Iron ore prices steady amid reports of Chinese investigations into speculative trading

By @shauryaarya1 on
Iron ore (4)
A processing plant can be seen at the Fortescue Metals Group (FMG) Christmas Creek iron ore mine located south of Port Hedland in the Pilbara region of Western Australia, November 17, 2015. Reuters/Jim Regan

Iron ore futures returned to a steady trend as markets did next to nothing. This comes amid reports that Chinese regulators were looking to probe into speculative or "non-conforming" trading activity in the nation’s commodity futures market.

“The iron ore market returned to relative stability today following a prolonged period of volatility,” according to analysts at Metal Bulletin. The same trend is expected to remain on Thursday. Overnight, little happened concerning Chinese futures.

As reported by Bloomberg, the National Development Reform Commission (NDRC) is looking into whether speculation has distorted commodity futures markets. This has further led to inflation in consumer price. Earlier this month, futures brokers were questioned as part of the investigation.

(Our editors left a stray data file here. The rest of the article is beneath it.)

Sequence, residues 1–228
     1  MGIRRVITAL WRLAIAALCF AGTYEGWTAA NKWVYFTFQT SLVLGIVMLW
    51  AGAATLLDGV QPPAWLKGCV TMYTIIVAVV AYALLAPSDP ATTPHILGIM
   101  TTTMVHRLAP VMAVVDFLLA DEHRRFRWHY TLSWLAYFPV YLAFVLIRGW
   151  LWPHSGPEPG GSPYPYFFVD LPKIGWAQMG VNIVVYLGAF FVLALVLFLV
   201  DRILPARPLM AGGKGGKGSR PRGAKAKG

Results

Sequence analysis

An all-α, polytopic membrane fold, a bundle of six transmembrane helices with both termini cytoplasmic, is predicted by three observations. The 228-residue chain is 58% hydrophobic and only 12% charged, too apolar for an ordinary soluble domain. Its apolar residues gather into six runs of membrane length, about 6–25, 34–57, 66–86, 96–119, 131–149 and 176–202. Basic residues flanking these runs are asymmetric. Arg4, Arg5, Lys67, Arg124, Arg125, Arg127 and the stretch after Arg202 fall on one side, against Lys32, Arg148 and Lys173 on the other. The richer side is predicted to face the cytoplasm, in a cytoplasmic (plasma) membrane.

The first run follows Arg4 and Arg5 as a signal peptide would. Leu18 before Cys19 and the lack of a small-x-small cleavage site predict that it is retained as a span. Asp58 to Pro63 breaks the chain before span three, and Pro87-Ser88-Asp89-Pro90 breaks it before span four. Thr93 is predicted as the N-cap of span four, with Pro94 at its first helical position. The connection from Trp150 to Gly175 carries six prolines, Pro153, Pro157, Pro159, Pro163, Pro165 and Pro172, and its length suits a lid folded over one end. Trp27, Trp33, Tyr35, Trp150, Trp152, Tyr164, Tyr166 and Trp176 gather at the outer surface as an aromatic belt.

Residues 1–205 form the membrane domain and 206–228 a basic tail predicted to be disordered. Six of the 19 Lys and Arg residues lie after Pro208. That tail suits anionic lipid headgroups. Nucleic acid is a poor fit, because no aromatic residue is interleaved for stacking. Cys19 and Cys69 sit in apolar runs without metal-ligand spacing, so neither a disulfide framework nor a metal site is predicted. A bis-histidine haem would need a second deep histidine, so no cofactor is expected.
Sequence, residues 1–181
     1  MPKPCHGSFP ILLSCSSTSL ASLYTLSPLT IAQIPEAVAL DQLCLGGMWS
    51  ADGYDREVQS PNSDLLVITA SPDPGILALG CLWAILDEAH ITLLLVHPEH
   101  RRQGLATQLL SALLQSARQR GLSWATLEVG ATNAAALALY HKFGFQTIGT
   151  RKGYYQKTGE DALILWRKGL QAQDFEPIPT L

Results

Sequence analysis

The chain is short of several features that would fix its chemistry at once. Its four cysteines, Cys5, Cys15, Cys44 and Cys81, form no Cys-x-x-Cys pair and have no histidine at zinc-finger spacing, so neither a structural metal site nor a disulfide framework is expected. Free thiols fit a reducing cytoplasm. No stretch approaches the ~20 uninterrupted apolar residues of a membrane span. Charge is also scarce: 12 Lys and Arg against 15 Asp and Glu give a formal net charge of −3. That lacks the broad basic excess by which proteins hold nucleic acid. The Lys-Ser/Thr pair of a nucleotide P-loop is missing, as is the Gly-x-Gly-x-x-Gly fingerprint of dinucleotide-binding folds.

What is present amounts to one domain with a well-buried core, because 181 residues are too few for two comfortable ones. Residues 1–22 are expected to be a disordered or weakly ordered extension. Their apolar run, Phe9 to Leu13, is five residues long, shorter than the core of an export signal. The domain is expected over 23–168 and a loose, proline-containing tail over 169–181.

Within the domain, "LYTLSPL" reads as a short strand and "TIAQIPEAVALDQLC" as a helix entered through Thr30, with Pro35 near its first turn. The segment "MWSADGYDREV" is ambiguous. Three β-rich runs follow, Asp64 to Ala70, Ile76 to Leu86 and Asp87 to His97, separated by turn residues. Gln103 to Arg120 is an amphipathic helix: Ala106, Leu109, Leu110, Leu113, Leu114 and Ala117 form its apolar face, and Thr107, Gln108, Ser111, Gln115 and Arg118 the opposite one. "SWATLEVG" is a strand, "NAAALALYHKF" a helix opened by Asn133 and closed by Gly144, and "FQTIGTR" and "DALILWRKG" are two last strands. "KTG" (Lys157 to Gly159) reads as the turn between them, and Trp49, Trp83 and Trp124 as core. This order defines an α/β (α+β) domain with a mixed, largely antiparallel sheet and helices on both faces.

“China’s spot rebar prices retreated on Tuesday after surging a day earlier, as the futures market nosedived,” Metal Bulletin analysts said, as reported by Bloomberg. “An investigation by Chinese authorities on institutional investors to determine if they engaged in speculative or ‘non-conforming’ investment behaviour weighed heavily on the futures market, resulting in all of the rebar contract’s gains on Monday being wiped clean, and then some.”

According to pricing from Metal Bulletin, benchmark concerning the spot price 62 percent fines went down by merely one cent to $91.26 a tonne. With regards to lower grade ores, the price for 58 percent fines suffered a downslide of five cents, settling at $64.75 a tonne. Meanwhile, rebar, iron ore, coke and coking coal contributed more than 0.9 percent for the session.

The rally seen for iron ore in early 2017 could largely be attributed to China’s crackdown on steel production in addition to the demand from the country’s infrastructure development programs. However, the infrastructure spending programs will likely wind down in the second half of the year. The demand for iron ore will possibly be affected if China cuts down steel production.

According to Reuters, steel producers in four provinces – Hebei, Shanxi, Shandong, Henan – and Beijing and Tianjin have been called on by the government to halve their output. The move comes for winter heating months, around late November to late February, to improve air quality.

Join the Discussion